In San Francisco, ingredient-driven menus reign supreme. With some of the nation’s best produce at their fingertips, chefs in the City by the Bay create edible magic, often changing menus nightly to reflect what’s freshest and tastiest that day. Many chefs work closely with local farms and food purveyors to get exactly the ingredients they want. Early-morning trips to one of the city’s year-round farmers markets are part of the routine for these wizards of the kitchen. Special-occasion fine-dining restaurants, many sprinkled with Michelin stars, abound, like the smooth sophistication of triple-starred Quince, Benu, Atelier Crenn, and Saison, and the double-starred Acquerello and Lazy Bear.
Or course, Michelin stars are not a prerequisite to having a memorable dining experience. Lively, crowded, and innovative options line the streets of the Mission District, particularly along Valencia Street. At Fisherman’s Wharf, where seafood is king, a bowl of cioppino (an Italian-American “catch-of-the-day” stew made with Dungeness crab, clams, shrimp, scallops, squid, mussels and fish) is an absolute San Francisco must. Scoma’s has been serving it up on Pier 47 for over half a century. Another long-time seafood favorite is Tadich Grill, near the Embarcadero. And the Union Square area has long been a destination for both high-end eats (Campton Place and Morton’s Steakhouse come to mind) as well as numerous more inexpensive options.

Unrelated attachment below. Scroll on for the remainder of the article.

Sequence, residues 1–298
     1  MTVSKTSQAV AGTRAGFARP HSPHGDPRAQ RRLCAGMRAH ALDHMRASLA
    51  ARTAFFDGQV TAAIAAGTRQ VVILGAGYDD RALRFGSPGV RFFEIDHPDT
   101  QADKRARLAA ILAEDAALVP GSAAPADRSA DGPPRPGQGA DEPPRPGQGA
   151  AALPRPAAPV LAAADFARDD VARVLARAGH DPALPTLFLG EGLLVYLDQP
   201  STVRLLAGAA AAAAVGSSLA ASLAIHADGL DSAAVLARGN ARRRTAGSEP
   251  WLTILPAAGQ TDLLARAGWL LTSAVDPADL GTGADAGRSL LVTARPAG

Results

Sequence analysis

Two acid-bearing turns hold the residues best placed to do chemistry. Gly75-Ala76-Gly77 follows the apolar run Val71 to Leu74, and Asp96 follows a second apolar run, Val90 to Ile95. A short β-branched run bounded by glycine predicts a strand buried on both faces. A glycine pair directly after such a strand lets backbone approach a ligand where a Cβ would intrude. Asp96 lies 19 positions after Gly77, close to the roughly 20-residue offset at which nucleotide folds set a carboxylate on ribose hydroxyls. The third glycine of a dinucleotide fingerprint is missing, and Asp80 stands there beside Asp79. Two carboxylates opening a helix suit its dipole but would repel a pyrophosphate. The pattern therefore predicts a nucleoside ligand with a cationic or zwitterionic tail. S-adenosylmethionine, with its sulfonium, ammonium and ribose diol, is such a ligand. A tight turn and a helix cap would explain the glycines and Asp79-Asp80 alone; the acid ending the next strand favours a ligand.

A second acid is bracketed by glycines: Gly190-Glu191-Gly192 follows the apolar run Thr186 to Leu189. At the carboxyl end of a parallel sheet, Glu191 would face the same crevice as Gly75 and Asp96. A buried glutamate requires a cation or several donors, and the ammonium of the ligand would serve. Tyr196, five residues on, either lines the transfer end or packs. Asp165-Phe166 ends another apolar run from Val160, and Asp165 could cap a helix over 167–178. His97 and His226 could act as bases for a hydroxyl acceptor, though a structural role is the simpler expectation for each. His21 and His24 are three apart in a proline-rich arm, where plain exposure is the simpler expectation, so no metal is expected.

Inexpensive options are easy to find, too: consider the many Asian restaurants in the Richmond neighborhood, where along Clement Street you’ll find outstanding Vietnamese at Pho Hyunh Sang, and Burmese cuisine at Burma Superstar and B Star Bar. In the same neighborhood, there’s Jijime and Han Il Kwan for Korean and Hong Kong Lounge for dim sum. Visit the Mission for their famously cheap and gargantuan burrito joints, or track down food trucks serving up nearly every kind of food imaginable at gatherings sponsored by Off the Grid. San Francisco also has more than its share of excellent places to eat where the view is as good as the food.
For one-stop you’ll-definitely-find-something grazing, walk (slowly) through the Ferry Building Marketplace, where permanent booths sell local delicacies like crusty sourdough (Acme Bread) and artisanal cheese (Cowgirl Creamery), and sit-down restaurants, like Charles Phan’s celebrated The Slanted Door offers amazing food and waterfront views. (Editor’s note: The Slanted Door is currently closed and is slated to reopen on March 15.)